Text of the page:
If you strcpy into a buffer that's not big enough - boom.
If you overrun a buffer with more text than can fit inside it - boom. Or if you fill it exactly, such that there's no room at the end for the zero byte ("null terminator") - still boom.
If you try to do basically anything with a pointer that's either null, or not initialized - boom. (Also note that there is no standard way in code to look at a pointer value and determine whether it really points at the location that it claims to, or is uninitialized and simply happens to have whatever weird value.)
If you try to do any kind of writing to the string that a pointer points at, if it's pointing at a string literal - boom. (If you write past the original length of the string, you're writing on who-knows-what in the middle of your executable; but even if you respect the original string length, you might not be allowed to write to that memory because of OS memory protection, and even if you're allowed to write it, the compiler is allowed but not required to have two string literals of the same text represented by the same string, so you may or may not affect "other" literals that you didn't intend to.) The compiler is *supposed* to be able to warn you about this one, via the "const correctness" mechanism, but it can't because of C backwards compatibility problems.

There are plenty more "booms" that come up when you try to work around the problems (by dynamic memory allocation). And with *any* of these "booms", technically *anything* can happen, because the compiler is allowed to assume you know what you're doing. As far as it's concerned, these issues are Somebody Else's (i.e. your) Problem.

It's not worth it. Just use std::string.

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Alright, thanks a bunch. I guess I can live with std::string, though I'm a stickler for small file size. However, in this case I s'pose the sacrifice is far worth it.
Quote:
Original post by Emmanuel Deloget
On a side note, your code is rather dangerous: what if getWindow() returns NULL? What if editFocus is greater than the size of the edit box vector? You get it: your code will painfully die, and the world will collapse in a big crunch. To be more precise, code that looks like a->b->c should be avoided.

My code has built in error-handling. Like with getWindow, it checks if the window is NULL before returning and, if so prints out an error for the user. This way in the future when I redistribute this to others, if a bug comes across they can send it to me along with printed out info and I can work on fixing it.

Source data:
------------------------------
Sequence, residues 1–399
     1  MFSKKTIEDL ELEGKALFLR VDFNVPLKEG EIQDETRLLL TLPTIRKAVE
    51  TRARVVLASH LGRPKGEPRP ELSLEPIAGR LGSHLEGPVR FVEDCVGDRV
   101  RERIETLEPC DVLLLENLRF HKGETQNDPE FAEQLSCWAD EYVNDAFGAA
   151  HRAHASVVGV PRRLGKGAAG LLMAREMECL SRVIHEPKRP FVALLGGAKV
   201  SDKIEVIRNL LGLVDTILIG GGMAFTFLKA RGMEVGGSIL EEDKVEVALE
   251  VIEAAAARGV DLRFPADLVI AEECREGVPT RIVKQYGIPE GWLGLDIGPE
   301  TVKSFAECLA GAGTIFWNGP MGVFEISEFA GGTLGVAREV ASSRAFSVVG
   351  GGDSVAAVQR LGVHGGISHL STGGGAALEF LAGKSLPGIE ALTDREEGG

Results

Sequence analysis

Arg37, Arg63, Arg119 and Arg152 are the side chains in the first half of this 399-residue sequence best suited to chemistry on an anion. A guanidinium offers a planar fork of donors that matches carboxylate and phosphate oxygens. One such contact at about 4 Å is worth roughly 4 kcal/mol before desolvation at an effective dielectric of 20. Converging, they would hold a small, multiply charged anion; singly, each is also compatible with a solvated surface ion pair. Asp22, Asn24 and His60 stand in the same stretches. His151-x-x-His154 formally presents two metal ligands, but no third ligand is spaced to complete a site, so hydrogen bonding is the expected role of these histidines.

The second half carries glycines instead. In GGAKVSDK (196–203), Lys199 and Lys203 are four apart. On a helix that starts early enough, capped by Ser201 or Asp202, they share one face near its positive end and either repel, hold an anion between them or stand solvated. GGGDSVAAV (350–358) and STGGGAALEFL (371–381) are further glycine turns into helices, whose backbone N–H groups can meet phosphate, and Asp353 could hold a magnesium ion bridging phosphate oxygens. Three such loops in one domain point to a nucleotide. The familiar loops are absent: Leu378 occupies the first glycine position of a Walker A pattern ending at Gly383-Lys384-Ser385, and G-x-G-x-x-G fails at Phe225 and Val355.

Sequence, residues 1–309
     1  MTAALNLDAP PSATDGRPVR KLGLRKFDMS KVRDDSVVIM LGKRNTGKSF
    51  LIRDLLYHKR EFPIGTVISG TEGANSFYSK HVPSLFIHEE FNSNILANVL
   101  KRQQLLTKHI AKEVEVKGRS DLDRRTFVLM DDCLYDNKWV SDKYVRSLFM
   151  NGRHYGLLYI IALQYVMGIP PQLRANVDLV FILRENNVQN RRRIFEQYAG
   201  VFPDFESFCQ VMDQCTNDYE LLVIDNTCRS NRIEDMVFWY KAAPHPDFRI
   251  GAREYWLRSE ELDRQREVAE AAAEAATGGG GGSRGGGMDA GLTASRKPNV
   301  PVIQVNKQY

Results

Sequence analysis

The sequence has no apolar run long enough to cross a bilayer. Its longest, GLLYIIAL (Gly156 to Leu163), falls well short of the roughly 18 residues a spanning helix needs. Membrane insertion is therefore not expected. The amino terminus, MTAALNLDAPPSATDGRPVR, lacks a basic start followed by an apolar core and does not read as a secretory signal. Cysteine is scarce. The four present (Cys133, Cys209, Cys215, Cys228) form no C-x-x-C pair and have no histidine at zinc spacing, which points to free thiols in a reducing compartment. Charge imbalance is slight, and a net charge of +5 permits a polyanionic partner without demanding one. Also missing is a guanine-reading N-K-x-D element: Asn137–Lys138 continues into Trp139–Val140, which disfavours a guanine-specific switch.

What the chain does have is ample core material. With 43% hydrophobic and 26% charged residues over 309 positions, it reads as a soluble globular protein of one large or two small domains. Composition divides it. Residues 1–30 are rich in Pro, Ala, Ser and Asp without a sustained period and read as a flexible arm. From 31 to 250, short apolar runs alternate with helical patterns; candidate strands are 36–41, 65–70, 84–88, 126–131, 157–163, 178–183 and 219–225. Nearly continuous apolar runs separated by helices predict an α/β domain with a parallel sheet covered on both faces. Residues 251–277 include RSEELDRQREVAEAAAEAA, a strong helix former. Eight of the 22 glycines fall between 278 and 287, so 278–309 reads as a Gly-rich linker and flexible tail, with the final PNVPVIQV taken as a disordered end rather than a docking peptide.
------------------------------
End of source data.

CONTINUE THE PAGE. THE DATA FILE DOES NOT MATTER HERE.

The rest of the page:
Anywho, thanks again!

--Aternus

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Quote:
Original post by Aternus
Alright, thanks a bunch. I guess I can live with std::string, though I'm a stickler for small file size. However, in this case I s'pose the sacrifice is far worth it.
Quote:
Original post by Emmanuel Deloget
On a side note, your code is rather dangerous: what if getWindow() returns NULL? What if editFocus is greater than the size of the edit box vector? You get it: your code will painfully die, and the world will collapse in a big crunch. To be more precise, code that looks like a->b->c should be avoided.

My code has built in error-handling. Like with getWindow, it checks if the window is NULL before returning and, if so prints out an error for the user. This way in the future when I redistribute this to others, if a bug comes across they can send it to me along with printed out info and I can work on fixing it.

Anywho, thanks again!

--Aternus

It is a good idea, but it is still not the good way to do. First, it does not prevent the bug at all, meaning that you are going to ship a product which might be full of bugs. When you buy a game, you don't care about the error messages when your game crashed. Even if you care, it still mean that your game crashed, and you wasted your money on a product that don't work.

Your method also assume that your user will send you the bug report - instead of deleting the program (and, if you are lucky, send you a flaming email). How many time do you think that users take the time to send a bug report to the program maintainer? You'll be surprised to know that only a small percentage of them actually do this. For example, I'd rather remove the program and use another one instead of hoping that bug will be corrected by the program developer.

Moreover, from a code point of view, in most cases the callee is not supposed to verify the value it returns - the caller must do it because he is the only one who will know what to do with the value. For example, let's think to this case:
Window w* = getWindow();
if (w == NULL) {
do something special
}Why do you want this code to print an error?

Bugs cost a lot of money. When you can avoid a bug, do it - don't wait for it to happen. Error messages might be good to explain the cause of a bug, but what would be even better is to not have any bug at all :)

Regards,